Who's Running America? The Bush Restoration

Who's Running America? The Bush Restoration

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For courses in Leadership and the Presidency in departments of political science.Arguing that the power in America is concentrated in large institutions-this book studies the people at the top of these institutions-who they are, how much power they wield, and how they came to power. A best-seller in leadership courses and introduction to political science, Tom Dye has chronicled the national leadership since the Nixon-Ford years, each edition featuring the current president and his staff. The seventh edition focuses on the new Bush administration and the contrast it will bring to Washington following 8 years of Clinton dominance. The commentary is supported by years of data analysis involving more than 7000 institutional elites, which includes governmental and corporate leaders.
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Product details

  • Paperback | 220 pages
  • 153.4 x 227.6 x 11.9mm | 294.84g
  • Pearson
  • Upper Saddle River, NJ, United States
  • English
  • 7th edition
  • 0130974625
  • 9780130974624

Table of contents

1. Elitism in Democracy. The Inevitability of Elites. The Institutional Basis of Power. Power as Decision-making: The Pluralist View. Identifying Positions of Power. Dimensions of America's Elite. Some Questions for Research.2. The Corporate Directors. The Concentration of Economic Power. The Globalization of Economic Power. Institutionalizing the Global Economy. Who Controls Corporate America? The Managers: Climbing the Corporate Ladder. The Inheritors: Starting at the Top. Paychecks of the Corporate Chiefs. Corporate Counter-Revolutions. The Battle for IBM. Hostile Takeovers. The Limits of Corporate Power. Summary.3. The Money Elite. The Concentration of Financial Resources. The Banking Boardrooms. The Federal Reserve Board. Controlling the Money Supply. Alan Greenspan: Ruling Over Money. The Securities and Exchange Commission. The SuperRich: Distinguishing Money from Power. Summary.4. The Governing Circles. The Concentration of Governmental Power. The Fat Cat Contributors. The Politicians: Ambition and Office seeking. Bill Clinton: The Political Climber. The Bush Family Dynasty. Executive Decision Makers: The Serious People. The Bush Restoration. The Congressional Establishment. Ted Kennedy: The Political Inheritor. Hillary Clinton: Power and Ambition. The Judges. The Military Establishment. Summary.5. The Media Moguls. Agenda Setting: Deciding What Will Be Decided. The Concentration of Media Power. Ted Turner: Maverick Media Mogul. Katherine Graham: The Most Powerful Woman in America. The Celebrity Newsmakers. Bad News and Good Profits. Liberal Bias in the News. Prime-Time: Socializing the Masses. Summary.6. The Civic Establishment. The American "Establishment." The Superlawyers. The "Fixers": Peddling Power for Profits. The Foundations. The Policy-Planning Organizations. The Billion Dollar Universities. Summary.7. The Structure of Institutional Power. Questions in Elite Research. Convergence or Specialization at the Top? Sources of Elite Cohesion. "Interlockers" and "Specialists." The Rockefellers: End of a Dynasty. Elite Recruitment: Getting to the Top. Class: A Touchy Subject. African-Americans at the Top. Women at the Top. Elite Factionism: Cowboys and Yankees. The New Tycoons. Summary.8. How Institutional Elites Make Public Policy. Policy as Elite Preference. An Oligarchical Model of National Policy Making. The Council on Foreign Relations and the Trilateral Commission. The Business Roundtable and the Committee on Economic Development. The Brookings Institution. Competition among Elites: AEI and Heritage. Liberal and Conservative Factions Among Elites. The "Vast Right-Wing Conspiracy." The "Proximate Policymakers." Summary.9. Institutional Elites in America. Institutional Power in America. Hierarchy and Polyarchy among Institutional Elites. Who's Running America? Summary and Findings. Concentration of Institutional Resources. The Size of the Nation's Elite. Interlocking versus Specialization. Inheritors versus Climbers. Separate Channels of Recruitment. Social Class and Elite Recruitment. Conflict and Consensus among Elites. Factionalism among Elites. An Oligarchic Model of National Policymaking. Power: Insider and Outsider Views.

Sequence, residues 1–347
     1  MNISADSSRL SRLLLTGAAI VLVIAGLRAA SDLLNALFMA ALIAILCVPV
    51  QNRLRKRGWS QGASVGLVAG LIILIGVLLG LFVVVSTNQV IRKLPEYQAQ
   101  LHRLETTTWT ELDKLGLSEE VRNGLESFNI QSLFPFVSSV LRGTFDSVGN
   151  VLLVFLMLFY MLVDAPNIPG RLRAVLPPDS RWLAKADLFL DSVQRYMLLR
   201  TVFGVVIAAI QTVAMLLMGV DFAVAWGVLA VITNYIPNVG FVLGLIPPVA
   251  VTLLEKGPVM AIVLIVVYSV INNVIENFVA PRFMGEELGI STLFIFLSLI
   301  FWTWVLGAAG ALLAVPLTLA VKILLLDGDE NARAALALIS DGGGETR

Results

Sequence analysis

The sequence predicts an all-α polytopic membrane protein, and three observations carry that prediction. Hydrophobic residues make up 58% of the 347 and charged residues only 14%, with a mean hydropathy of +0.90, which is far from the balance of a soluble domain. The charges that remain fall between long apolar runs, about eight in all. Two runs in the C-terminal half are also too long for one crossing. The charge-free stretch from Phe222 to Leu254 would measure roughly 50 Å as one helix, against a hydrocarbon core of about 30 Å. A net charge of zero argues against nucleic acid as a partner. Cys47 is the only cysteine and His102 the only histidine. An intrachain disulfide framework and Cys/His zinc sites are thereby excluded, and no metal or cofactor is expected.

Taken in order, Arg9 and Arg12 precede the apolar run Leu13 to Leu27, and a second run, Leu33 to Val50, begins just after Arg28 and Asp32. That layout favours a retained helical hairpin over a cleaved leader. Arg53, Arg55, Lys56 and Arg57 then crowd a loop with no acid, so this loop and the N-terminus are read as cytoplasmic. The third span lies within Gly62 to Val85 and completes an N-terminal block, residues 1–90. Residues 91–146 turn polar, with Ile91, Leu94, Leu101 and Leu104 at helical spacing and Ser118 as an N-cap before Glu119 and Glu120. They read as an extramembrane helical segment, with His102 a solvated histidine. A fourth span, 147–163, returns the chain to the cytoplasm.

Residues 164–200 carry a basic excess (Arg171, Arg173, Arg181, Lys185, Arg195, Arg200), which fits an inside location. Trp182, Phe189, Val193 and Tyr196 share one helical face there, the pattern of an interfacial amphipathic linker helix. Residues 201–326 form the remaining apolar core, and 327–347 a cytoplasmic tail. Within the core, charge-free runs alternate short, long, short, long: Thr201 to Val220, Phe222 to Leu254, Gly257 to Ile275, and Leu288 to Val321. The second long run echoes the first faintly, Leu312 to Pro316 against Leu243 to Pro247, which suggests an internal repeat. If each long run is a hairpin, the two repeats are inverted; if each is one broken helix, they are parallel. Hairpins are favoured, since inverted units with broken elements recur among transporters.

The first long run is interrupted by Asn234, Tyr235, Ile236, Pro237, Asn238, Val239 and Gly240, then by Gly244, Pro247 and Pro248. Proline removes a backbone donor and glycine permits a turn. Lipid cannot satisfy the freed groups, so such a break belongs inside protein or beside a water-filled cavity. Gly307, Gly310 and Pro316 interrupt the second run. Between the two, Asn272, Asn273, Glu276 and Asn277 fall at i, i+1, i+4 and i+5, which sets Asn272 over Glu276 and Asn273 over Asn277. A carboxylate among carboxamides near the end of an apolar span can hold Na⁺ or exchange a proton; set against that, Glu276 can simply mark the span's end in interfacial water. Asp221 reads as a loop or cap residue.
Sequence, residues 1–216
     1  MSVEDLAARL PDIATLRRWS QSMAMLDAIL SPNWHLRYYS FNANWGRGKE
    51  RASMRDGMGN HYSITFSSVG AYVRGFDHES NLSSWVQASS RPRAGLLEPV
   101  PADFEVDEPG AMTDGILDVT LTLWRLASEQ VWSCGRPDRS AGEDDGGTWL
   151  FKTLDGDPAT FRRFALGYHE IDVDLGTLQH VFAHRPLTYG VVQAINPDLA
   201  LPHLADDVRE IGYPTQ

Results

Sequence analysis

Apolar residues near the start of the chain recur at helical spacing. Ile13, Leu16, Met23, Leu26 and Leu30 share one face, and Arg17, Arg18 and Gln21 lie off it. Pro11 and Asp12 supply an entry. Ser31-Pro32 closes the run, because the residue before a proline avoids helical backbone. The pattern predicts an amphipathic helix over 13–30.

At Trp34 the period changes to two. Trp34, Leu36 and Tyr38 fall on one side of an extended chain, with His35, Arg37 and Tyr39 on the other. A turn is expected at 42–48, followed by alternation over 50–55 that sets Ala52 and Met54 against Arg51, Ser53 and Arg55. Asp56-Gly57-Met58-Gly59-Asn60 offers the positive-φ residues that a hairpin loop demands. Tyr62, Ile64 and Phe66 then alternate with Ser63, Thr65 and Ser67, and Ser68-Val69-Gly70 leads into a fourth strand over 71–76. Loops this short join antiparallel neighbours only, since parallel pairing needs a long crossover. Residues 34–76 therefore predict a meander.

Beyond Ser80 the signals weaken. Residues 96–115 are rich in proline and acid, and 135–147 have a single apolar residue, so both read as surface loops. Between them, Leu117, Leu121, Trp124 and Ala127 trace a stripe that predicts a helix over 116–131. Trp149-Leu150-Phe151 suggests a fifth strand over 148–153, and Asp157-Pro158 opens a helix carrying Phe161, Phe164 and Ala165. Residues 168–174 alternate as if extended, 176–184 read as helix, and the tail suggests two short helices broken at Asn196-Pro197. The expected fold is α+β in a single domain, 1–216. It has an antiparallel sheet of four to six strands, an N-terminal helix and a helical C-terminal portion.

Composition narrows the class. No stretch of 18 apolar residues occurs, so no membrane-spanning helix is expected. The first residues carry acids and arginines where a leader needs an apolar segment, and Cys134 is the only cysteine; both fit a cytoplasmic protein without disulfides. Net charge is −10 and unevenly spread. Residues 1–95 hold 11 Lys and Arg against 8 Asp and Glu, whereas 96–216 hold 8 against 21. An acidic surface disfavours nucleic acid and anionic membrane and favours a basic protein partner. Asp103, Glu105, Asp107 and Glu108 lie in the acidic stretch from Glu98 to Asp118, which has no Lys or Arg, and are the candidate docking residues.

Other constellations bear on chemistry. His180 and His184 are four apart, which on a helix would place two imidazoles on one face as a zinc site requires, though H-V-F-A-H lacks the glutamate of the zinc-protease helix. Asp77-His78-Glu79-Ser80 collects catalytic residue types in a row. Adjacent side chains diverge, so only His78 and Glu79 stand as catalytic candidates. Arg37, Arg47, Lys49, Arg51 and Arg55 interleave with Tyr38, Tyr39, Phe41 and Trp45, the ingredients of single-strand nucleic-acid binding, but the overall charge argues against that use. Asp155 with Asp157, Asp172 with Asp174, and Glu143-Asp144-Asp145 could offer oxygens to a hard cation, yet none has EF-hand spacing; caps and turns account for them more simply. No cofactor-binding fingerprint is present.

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20 ratings
3.7 out of 5 stars
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4 35% (7)
3 40% (8)
2 5% (1)
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